# Why do I need a page directory?

I've found that image:

and cannot find a reason why there is page directory ? I think that it could save time, if the process (or processes), especially the CR3 register, points straight to the page table.

• Perhaps yo can share what platform we're looking at? – Scott Seidman Sep 29 '15 at 17:33
• How large would that page table be? – Wouter van Ooijen Sep 29 '15 at 17:35
• en.wikipedia.org/wiki/Physical_Address_Extension – jippie Sep 29 '15 at 17:54
• @ScottSeidman : Really looks like x86, 32bits : 2 levels page table, "CR3" register. – TEMLIB Sep 29 '15 at 18:21

The MMU makes an arbitrary mapping of 32bits virtual addresses to 32bits physical addresses, with 4kB granularity.

The 4GB address range is divided into 1 million 4kB pages.

You could use a single array with 1 million page table entries, occupying 4MB (with 32 bits per PTE). You can use also "nested" page tables, which allows to reduce the memory footprint of the mapping tables, by marking some first level entries as unallocated.

Imagine when the first 386 computers were sold with 4MB RAM. Where would you put a flat page table ? Now, 64bits computers would need impossibly large page tables if these tables were not multilevel tables (4 levels on x64_64, IIRC)

An additional refinement is that page tables are per-application. Each application can freely use the whole virtual address range and the OS can decide which pages are exclusive, and which are shared (for example, a dynamic library code could be accessible from several programs). So, parts of the level 2 pages tables can be shared between applications, while the first level is separate for each task.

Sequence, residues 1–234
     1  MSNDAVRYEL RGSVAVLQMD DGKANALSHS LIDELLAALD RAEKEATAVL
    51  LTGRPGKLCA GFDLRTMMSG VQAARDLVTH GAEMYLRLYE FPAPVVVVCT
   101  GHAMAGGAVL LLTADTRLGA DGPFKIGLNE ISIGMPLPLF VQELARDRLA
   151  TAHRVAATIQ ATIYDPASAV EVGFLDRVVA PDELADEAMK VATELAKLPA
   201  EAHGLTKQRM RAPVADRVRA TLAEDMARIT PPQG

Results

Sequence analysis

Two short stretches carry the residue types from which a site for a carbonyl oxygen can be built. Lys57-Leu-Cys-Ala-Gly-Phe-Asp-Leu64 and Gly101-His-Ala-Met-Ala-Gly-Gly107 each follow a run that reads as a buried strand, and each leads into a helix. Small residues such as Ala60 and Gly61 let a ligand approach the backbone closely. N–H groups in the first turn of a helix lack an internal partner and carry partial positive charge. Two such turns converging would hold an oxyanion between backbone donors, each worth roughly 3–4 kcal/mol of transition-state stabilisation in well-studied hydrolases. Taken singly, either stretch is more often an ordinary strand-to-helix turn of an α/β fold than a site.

Traversing several tables takes time, the CPU keeps in "TLBs" (Translation Lookaside Buffers) last accessed page translations, and, sometimes, some intermediate page table entries are also cached, so that if a software uses contiguous memory, fewer accesses to RAM are usually needed.

As Wouter van Ooijen's comment hints, using a flat page table would use significantly more memory in the common case of dense allocation of physical memory to a small portion of the virtual address space. With a flat page table each process (address space) would use 4 MiB just for the page table. By using a page directory, a process with three address regions (text, data/heap, stack) that each fit within a 4 MiB chunk each would only require four pages (16 KiB) of page table space (one for the directory and one for each address region).

This arrangement can also facilitate sharing page tables. If the page directory entry masks permissions, it would even be possible have different permissions for the different processes while sharing the lowest level page table (e.g., one directory entry could mark the page table as allowing reads and writes while another directory pointing to the same page table might disallow writes).

(It would also be possible to provide different kinds of (region) metadata in the directory entry than the kinds of (page) metadata in the page table entry.)

In addition, multiple directory entries could point to the same page table. This could be used to allocate huge regions of zero page.

Using a directory has the side effect of providing a natural way to support huge pages by indicating that the page directory entry is actually a page table entry. (These huge page page table entries would then have ten extra bits that could be used to extend the physical address size or to provide metadata.)

Also note that just as page table entries can be cached (in the TLB), so page directory entries can be cached. Having the level of indirection is not free, but under common use patterns caching is reasonably effective.